Viksø Helmets in Copenhagen, Denmark

Vikings are stereotypically depicted with horned helmets in popular culture, much to the chagrin of historians. Most likely, they never wore such headgear and the idea originated in the 19th century, largely influenced by the costume designs for Wagner’s Der Ring des Nibelungen.

If you visit the National Museum of Denmark in Copenhagen, however, you can find a pair of horned helmets just like the ones imaginary Vikings wear in popular depictions. But these helmets, known as the Viksø Helmets, are not from the Viking Age. They are from at least a thousand years before the Viking Age, which began around 800.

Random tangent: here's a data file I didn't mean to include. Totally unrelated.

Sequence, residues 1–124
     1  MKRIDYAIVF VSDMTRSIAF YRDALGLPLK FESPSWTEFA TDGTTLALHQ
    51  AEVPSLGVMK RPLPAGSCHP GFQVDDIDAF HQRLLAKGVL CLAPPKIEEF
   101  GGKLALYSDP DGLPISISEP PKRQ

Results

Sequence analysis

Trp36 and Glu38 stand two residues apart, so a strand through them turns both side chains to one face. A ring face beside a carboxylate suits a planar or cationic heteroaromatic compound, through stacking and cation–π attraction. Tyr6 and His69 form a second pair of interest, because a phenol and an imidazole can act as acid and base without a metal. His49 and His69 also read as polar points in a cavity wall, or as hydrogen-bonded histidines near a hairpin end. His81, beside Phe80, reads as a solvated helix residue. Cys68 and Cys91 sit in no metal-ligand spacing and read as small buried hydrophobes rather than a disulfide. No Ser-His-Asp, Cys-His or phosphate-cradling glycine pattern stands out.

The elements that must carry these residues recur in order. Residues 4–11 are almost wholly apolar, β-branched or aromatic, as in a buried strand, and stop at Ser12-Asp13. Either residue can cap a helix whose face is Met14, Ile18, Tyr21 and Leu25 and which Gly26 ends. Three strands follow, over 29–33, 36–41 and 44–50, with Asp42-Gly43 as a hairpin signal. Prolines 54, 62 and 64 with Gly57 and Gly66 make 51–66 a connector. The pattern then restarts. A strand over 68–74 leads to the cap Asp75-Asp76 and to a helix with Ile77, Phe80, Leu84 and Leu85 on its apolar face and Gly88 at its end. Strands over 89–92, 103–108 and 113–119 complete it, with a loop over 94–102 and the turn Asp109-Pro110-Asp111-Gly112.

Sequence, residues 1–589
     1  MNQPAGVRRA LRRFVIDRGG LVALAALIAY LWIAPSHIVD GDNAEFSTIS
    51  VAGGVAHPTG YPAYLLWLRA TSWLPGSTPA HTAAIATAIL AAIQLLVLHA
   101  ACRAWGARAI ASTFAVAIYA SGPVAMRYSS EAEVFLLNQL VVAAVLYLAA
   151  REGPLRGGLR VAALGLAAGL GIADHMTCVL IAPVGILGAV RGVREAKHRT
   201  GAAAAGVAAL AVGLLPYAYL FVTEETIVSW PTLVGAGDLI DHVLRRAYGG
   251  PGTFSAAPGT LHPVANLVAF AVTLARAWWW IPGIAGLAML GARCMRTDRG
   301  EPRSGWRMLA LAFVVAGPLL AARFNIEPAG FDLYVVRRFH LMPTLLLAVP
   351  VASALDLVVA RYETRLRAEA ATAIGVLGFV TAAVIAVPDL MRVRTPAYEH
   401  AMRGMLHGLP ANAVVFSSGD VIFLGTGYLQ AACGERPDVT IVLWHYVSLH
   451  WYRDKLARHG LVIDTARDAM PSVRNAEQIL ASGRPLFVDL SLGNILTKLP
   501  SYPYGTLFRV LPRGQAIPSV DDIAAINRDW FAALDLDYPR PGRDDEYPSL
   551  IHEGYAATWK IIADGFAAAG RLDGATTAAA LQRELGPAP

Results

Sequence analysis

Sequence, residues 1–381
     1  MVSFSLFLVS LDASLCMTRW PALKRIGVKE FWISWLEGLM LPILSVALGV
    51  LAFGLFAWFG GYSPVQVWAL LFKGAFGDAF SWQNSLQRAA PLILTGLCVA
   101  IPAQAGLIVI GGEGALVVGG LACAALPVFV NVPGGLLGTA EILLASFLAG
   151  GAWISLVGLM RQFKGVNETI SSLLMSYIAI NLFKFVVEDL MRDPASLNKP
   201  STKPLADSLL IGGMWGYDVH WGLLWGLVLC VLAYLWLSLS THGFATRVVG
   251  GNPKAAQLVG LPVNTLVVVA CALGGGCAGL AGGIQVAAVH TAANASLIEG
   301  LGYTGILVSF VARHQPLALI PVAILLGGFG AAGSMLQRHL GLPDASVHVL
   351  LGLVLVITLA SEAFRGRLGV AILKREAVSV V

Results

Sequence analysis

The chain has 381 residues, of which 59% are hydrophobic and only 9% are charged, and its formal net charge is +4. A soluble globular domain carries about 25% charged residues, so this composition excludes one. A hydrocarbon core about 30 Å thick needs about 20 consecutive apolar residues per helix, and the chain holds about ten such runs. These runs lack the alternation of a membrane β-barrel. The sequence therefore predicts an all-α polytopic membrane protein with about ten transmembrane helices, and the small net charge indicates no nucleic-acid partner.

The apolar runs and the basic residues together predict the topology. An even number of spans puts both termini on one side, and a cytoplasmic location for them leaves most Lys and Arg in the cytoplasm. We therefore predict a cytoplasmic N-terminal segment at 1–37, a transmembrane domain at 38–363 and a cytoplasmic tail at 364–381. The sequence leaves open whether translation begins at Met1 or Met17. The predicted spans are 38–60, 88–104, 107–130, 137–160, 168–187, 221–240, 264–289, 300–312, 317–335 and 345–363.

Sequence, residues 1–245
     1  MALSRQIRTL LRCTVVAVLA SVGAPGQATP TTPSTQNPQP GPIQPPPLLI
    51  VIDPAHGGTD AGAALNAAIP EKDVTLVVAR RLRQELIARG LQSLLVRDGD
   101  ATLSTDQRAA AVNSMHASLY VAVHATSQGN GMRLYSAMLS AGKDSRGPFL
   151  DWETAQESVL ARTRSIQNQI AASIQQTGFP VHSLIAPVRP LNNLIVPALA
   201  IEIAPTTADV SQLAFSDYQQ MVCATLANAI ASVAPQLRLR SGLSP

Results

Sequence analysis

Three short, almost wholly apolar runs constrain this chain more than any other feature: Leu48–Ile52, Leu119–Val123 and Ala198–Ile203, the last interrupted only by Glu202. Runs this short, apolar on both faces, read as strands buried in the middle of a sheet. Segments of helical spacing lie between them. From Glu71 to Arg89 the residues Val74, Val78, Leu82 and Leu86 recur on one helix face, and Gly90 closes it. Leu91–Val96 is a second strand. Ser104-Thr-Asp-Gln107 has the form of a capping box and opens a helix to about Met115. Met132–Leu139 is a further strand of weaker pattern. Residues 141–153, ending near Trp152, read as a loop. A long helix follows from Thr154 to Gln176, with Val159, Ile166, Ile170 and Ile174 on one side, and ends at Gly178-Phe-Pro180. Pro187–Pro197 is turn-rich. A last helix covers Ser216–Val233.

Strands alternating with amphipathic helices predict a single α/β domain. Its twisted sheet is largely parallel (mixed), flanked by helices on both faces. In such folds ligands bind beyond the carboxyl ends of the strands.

A workman at a peat bog extraction site in Brøns Mose, Viksø, found the helmets in 1942. Since then, the helmets have been dated to sometime between 857 and 907 B.C. during the Bronze Age. The helmets have horns similar to an aurochs, an extinct relative of modern cattle. The horns were likely a symbol of power and authority, and the way they were deposited in the bog suggests a possible ritual of votive offerings.

In addition to the prominent horns, the helmets are decorated with eyes and beaks resembling birds of prey, and archaeologists believe that they also sported a mane of horsehair and feathers back in the day. These symbols may have been used to worship the sun.

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